Eco-tourism and sustainable travel are the buzzwords of the tourism industry at the moment, but what does it mean to travel sustainably?
If you’re the kind of person who sees travel as a chance to experience other nations, countries and cultures, but worries about the impact your presence has on your destination, then eco-travel could be for you. Travelling as an eco-tourist can provide ways to experience wanderlust whilst keeping the impact of your presence to a minimum. Here are some actionable tips that could put any worries to rest and see you on your way to a low-impact holiday.
According to Ecotourism Australia, eco-tourism is “ecologically sustainable tourism with a primary focus on experiencing natural areas that fosters environmental and cultural understanding, appreciation and conservation.” Rather than focusing on travel purely as a way to indulge our senses, eco-tourism promotes a way of travel as a multi-dimensional enriching experience; not only for yourself, but for the places and people you are visiting.
Eco tourism connects travellers with cultural practice and history, can help fund conservation efforts, and generally fosters low-impact travel. Becoming an eco-tourist is not necessarily always easy as there are lots of things to think about, but even thinking about being more environmentally aware is a great start.
There’s little doubt that tourism impacts environments you visit. Environmental conservation may not be the first words that spring to mind when researching a holiday, but when considering being sensitive to the environments you are visiting it may be necessary to see the world a little differently.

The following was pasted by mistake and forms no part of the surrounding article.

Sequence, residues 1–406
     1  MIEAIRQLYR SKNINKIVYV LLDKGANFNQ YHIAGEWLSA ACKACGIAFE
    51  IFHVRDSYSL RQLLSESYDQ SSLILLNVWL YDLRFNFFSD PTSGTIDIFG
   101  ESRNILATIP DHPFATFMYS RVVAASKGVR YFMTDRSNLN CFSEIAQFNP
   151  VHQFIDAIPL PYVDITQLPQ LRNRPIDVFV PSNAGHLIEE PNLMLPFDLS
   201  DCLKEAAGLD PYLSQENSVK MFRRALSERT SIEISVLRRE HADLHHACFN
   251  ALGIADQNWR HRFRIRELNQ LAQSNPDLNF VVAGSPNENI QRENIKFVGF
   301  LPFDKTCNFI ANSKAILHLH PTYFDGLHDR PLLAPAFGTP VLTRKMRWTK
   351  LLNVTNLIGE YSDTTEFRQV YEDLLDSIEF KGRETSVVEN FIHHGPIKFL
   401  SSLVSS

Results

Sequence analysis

When travelling, conservation often means thinking about the local plants and animals, and some animal practices that would not exist without tourism. An example could be photo opportunities of feeding tiger cubs that perhaps otherwise would be fed by their mothers, or elephant calves that are taken from their herd at a young age, to be trained for riding by tourists. These are not considered natural environments for wild animals, so investing money in these facilities can perpetuate this kind of animal treatment.
An alternative is to visit an animal sanctuary, where mistreated animals are given appropriate care. Investing money this way could send a message to local businesses, encouraging them change their practices based on what tourists want.
Similarly, some landscapes can be dramatically affected by large numbers of tourists, so thinking about how to minimise this, and taking action, all helps to protect natural resources. You could avoid visiting a particular destination that is suffering because of large volumes of tourists, or change the way you will experience the place to have less of an impact.
If do your bit for the environment at home, it’s perhaps not too difficult to also do this on holiday. If you already reuse and recycle items when you can, it’s likely that all of this could continue when you’re overseas. If the accommodation does not providing recycling facilities, simply asking the question could prompt management to make a change. A little research can go a long way, enabling you to do your bit for the environment when you’re on the go.
Water use is an important consideration when thinking about travelling more sustainably. The UN has stated that the average tourist uses as much water in 24 hours as a villager from a poor nation would use to produce rice for 100 days. Making sure that you are limiting water use is a good place to start, but also learning how to make existing water save to drink – there are some great tips from World Nomads.
Energy use also depletes resources in other countries, so considering energy use while you’re away can make a difference. According to Sustainable Tourism Online, choosing to be conservative about energy use while you’re a tourist could have an impact on climate change. Ecotourism.org have ten great tips on energy-saving as a tourist, like trying to use appliances that don’t need batteries, and ensuring that you are unplugging unnecessary items in your room.